If the vaccine is randomly assigned to individual pigs, and pigs are randomly assigned to pen so that there are vaccinated and nonvaccinated pigs in each pen, there are actually three levels of data. The first level is the pig, the second level is the pen, and the third level is the barn. This is what is meant by the term “hierarchy of data.” The models will include starting weight of the pig as a fixed effect, and pen nested within barn as random effects. The term used for such a model is a multilevel model because of the different hierarchies or levels of data. It is also a mixed model because it has both fixed and random effects or variables. Therefore, the model for ADG is described as a multilevel linear mixed model.2 The coefficient for the linear regression model will describe the association between ADG and vaccination after controlling for the starting weight of the pig and the pen and barn effects.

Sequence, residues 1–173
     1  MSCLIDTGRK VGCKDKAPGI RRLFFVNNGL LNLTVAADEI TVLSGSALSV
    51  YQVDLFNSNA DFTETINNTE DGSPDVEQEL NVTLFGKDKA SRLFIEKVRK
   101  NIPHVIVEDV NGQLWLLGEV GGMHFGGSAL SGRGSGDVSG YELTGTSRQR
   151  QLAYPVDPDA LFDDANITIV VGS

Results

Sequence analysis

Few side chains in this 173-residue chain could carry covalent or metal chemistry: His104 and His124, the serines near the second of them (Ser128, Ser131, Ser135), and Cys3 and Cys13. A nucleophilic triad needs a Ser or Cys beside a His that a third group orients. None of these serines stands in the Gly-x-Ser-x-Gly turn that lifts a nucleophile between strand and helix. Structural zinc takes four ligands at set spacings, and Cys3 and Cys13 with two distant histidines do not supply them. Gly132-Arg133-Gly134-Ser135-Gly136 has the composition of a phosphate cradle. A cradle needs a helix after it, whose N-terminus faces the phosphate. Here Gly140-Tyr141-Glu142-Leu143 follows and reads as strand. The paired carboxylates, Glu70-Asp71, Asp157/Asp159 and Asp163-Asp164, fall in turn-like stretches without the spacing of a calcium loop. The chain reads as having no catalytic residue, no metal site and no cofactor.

The odds ratio of the logistic regression model will describe the association between the presence of lesions and vaccination status after controlling for the starting weight of the pig and the pen and barn effects. The P-value of the Wald’s test is used to determine whether or not there is a “significant” association between the lesions and vaccination status after controlling for starting weight and the random effects of the clustering of pigs within pen and pen within barn. The odds ratio provides a measure of the strength of the association. How would you describe the model for the presence or absence of lesions due to pneumonia at slaughter? It is a multilevel logistic mixed model.
1. Shoukri MM, Pause CM. Logistic Regression In Statistical Methods for Health Sciences. 2nd ed. Washington, DC: CRC Press; 1999:141–200.
2. Jirawattanapong P, Stockhofe-Zurwieden N, van Leengoed L, Binnendijk G, Wisselink H, Raymakers R, Cruijsen T, van der Peet-Schwering C, van Nes A, Nielen M. Efficacy of a subunit vaccine against Actinobacillus pleuropneumoniae in an endemically infected swine herd. J Swine Health Prod. 2008;16:193–199.
-- Cate Dewey, DVM, MSc, PhD